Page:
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About Farmer Angus

Farmer Angus is one of two grass fed, pasture-reared beef producers in the Western Cape. Biodynamic and regenerative agricultural principles and practices are applied in the raising of the farm’s animals which includes cattle, pigs and laying hens, as well as vegetables and wine. Situated on 126 hectares of irrigated pasture at Spier Wine Estate near Stellenbosch.Our charcuterie, made by Gastro Foods, is the only charcuterie in South Africa cured without added nitrates or nitrites.

All Farmer Angus products are also 100% growth-hormone free, routine antibiotic free and the pig and chicken food is glyphosate free. The vineyards on the farm are in their 8th year of being certified organic.

Farmer Angus achieved a world first in 2013 where he became the first person globally to sell Carbon credits for increasing the Carbon contents of the pastures where the cattle graze.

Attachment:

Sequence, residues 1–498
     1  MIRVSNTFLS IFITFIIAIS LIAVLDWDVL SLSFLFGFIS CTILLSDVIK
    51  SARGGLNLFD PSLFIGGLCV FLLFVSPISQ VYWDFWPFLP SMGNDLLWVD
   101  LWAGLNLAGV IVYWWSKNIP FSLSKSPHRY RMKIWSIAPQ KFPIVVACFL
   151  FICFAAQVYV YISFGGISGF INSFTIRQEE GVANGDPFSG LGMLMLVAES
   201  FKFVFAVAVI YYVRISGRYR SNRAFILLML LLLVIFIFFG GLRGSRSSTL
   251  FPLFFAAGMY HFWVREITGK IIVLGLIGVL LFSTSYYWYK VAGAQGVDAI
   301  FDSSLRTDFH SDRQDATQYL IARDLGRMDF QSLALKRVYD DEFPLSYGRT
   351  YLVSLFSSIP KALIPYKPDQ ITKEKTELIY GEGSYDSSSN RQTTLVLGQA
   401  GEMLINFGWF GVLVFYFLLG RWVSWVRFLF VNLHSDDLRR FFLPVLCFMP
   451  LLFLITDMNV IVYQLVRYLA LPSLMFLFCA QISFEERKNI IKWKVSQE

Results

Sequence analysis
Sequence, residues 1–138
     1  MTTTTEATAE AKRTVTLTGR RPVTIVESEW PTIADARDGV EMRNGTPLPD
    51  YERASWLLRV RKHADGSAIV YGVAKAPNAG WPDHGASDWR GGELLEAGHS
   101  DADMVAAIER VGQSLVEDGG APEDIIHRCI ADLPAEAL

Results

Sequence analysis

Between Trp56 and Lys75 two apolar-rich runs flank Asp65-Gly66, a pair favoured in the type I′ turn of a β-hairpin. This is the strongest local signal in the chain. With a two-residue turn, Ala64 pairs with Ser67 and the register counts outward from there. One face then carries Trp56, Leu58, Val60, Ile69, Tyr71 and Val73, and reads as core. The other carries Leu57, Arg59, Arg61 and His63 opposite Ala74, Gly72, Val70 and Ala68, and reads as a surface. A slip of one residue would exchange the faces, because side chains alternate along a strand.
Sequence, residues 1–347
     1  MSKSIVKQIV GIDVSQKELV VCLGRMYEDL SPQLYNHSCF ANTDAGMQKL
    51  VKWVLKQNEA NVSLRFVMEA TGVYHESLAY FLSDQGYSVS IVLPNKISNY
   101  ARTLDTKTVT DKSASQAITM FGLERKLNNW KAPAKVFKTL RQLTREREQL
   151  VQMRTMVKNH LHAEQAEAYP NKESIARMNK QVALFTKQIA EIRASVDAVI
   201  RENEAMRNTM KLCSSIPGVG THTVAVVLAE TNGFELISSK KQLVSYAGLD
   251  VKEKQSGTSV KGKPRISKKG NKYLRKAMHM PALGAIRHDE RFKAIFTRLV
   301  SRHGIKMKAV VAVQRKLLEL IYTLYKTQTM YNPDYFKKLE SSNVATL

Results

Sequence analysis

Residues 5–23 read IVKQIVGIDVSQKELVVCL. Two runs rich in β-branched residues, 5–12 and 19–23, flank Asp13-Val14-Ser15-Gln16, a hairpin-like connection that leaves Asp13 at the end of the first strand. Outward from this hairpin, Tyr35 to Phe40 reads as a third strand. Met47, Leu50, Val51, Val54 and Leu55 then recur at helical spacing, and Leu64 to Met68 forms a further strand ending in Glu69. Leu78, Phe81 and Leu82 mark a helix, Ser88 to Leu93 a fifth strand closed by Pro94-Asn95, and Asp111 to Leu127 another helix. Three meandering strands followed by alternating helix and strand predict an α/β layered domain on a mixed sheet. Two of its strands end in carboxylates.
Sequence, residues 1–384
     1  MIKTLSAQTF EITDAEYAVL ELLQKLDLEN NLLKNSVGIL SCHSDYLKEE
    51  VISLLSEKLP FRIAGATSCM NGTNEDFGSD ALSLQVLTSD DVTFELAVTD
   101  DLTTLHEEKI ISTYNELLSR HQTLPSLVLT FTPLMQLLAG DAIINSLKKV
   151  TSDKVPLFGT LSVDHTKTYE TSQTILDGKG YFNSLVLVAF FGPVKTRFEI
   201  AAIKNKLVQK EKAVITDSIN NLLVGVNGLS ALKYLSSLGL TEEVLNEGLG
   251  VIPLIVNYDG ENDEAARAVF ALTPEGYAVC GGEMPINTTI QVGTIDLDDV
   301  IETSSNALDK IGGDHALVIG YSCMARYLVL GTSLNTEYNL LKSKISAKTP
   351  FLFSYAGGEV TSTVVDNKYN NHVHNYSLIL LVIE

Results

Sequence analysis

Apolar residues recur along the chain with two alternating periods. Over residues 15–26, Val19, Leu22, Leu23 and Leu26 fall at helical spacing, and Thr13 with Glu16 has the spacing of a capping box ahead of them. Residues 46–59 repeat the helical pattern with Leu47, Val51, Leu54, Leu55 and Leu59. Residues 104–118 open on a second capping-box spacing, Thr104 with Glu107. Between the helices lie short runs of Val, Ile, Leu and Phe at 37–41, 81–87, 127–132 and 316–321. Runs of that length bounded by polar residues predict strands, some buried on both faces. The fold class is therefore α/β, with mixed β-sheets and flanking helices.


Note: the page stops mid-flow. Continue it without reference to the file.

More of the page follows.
What is regenerative agriculture

The sensitive pasture management of the farm is based on the high density grazing methodology or “mob-grazing” espoused by Andre Voison, Allan Savory and Ian Mitchell-Innes. The enormous amount of manure and urine that is deposited onto the soil eliminates the need to apply any artificial (NPK) fertilisers.

The pastures were established with a variety of different perennial summer and winter legumes, herbs and grasses. Once an area has been grazed, the animals are moved giving the pasture and soil time to regenerate and fully recover. A minimum of 6 weeks passes before the pastures are grazed again.

The cattle are moved three times a day, the pigs once a week and the laying hens, accommodated in constructed Eggmobiles, are moved daily. What this ultimately encourages is: beef, pork and eggs that are 100% nutritious and natural. The way nature intended it to be.

Who is Angus?

Angus McIntosh is Farmer Angus. He grew up on a cattle ranch in Kwa-Zulu Natal. Studied Management Accounting at Stellenbosch University before stockbroking for Goldman Sachs in London for just over four years. Declined the offer of promotion, left his job and moved to South Africa. Built a clay home with inspiration from various people on the way leading to him to eventually become a biodynamic student, grass farmer and carbon sequestrator.

“After reading about Joel Salatin of Polyface Farms in Virginia, USA, in Michael Pollans’ “The Omnivore’s Dilemma” Angus decided to become a farmer. Under the mentorship of Christo Kok, he started farming on Spier, outside Stellenbosch, South Africa, in December 2008.